Security guidelines

Information and guidelines for secure access to applications

Security guidelines

1. Secure the access to applications

1.1 User-id and password

The main method to protect an account is to use a combination of user-id and password. The strength of this protection will greatly depend on the complexity of the password.

SWIFT recommends that at least these criteria are met:

  • At least 8 characters long
  • Combines digits, special characters, uppercase and lowercase letters
  • Only used for accessing
  • Not trivial (e.g. dictionary words)

Changing your password regularly is another good practice – your administrator may mandate this.

Obviously the complexity of your password is nothing compared to the requirement to keep it secret. The best way to do that is to memorize it and not keeping any written copy.

1.2 2-step verification

2-step verification is a security measure that helps protect your account from unauthorised access if someone manages to obtain your password. An additional layer of security requires a verification code to be entered along with your username and password.

This code can be delivered to you by SMS, voice message, or e-mail. SMS and voice message are the preferred means of delivering the verification code. This is because your e-mail address is already linked to your account and an external means of providing the authentication code is favoured.

Note that the secure channel application on uses a one-time password to secure each transaction that involves sensitive data. Security officers accessing the application must use their personal secure code card to generate the required one-time passwords.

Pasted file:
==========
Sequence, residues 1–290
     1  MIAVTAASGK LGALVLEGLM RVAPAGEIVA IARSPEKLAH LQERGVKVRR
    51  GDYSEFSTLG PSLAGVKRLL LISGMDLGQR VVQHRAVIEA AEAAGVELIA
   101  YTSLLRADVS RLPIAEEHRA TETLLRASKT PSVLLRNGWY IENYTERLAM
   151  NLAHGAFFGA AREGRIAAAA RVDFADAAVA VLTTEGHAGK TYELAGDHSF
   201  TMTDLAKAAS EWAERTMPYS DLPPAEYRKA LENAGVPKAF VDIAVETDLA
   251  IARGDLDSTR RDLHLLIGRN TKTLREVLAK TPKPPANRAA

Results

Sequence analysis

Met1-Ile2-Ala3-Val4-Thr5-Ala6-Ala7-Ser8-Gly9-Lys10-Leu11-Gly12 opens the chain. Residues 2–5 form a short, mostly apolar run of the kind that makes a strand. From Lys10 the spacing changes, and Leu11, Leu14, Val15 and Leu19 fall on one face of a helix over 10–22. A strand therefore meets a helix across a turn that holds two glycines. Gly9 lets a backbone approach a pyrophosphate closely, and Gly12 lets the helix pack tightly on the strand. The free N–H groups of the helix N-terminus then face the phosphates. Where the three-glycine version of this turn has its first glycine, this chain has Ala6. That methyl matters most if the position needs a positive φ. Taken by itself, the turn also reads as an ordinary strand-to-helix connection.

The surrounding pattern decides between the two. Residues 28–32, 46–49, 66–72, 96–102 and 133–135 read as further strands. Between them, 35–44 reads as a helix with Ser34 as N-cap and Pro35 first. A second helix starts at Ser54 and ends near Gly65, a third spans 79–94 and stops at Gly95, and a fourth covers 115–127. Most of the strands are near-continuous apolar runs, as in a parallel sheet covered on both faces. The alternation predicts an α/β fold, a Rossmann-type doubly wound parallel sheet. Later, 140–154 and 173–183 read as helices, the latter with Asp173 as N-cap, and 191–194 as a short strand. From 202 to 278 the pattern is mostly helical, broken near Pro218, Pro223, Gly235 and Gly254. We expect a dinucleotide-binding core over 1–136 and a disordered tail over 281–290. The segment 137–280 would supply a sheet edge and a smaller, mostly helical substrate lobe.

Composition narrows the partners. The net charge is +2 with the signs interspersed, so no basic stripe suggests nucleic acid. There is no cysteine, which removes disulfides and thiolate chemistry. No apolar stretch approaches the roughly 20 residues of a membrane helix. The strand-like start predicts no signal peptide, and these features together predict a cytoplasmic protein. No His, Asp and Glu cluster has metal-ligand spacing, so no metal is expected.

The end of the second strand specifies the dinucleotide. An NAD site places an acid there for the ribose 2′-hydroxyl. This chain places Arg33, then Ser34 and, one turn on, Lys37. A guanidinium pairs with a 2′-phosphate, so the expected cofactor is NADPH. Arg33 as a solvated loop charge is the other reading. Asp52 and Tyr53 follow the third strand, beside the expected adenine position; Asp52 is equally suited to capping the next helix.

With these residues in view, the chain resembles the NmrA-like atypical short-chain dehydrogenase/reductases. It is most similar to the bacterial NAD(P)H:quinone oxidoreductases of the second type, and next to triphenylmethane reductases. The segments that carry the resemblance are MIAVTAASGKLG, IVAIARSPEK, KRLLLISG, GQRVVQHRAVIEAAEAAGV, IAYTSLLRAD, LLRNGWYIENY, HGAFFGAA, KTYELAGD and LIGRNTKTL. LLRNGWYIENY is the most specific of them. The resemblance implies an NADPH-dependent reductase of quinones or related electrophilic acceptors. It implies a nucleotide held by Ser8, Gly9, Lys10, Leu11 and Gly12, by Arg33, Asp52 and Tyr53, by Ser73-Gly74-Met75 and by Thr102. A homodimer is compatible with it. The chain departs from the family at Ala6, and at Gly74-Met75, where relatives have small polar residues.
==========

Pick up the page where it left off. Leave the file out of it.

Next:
2. Visit only trusted websites

2.1 Check the URL

  • Verify the URL of the web page before entering any personal data such as your e-mail address and password.
  • SWIFT always uses a secure connection to ask for your e-mail address and password. The URLs used by SWIFT start with "" or "".

2.2 Verify the certificate on HTTPS websites

In most browsers this is done by clicking on the lock symbol either at the top or the bottom of the browser window.

2.3 Use a login-seal

You have the ability to define a seal that will be displayed to you every time you access the login page. When you see this login-seal you are sure to be at the right place to enter your credentials. SWIFT recommends using it to improve security.

To learn how to set up a login-seal, please see this page.

3. Use a recent browser

Using a recent browser is the best way to avoid common attacks and keep your account safe. SWIFT strongly encourages you to update it regularly. A recent browser means that you will have access to the latest security standards provided by the vendor. You should also update all the plugins (e.g. Java, Flash) that are integrated within the browser.

4. Phishing & social engineering

4.1 What is phishing?

Phishing is an attempt to get hold of your data with malicious intent, in order to abuse your personal details, such as user-id and password. It is the most common way to do social engineering. In practice it often involves asking you to click on a link to a website that looks like an exact copy of the site of a trusted institution. Phishing can also be performed via phone call by people pretending to be a trusted party, such as the helpdesk.

4.2 How to recognize a phishing attempt?

Phishing attempts are targeted to get hold of your personal data. Be aware that SWIFT emails or calls will never ask you to give your credentials or any personal information. When a website asks you to enter your credentials, make sure that the URL starts with "" or "". If you need to communicate personal information, use only a secure access to one of the applications on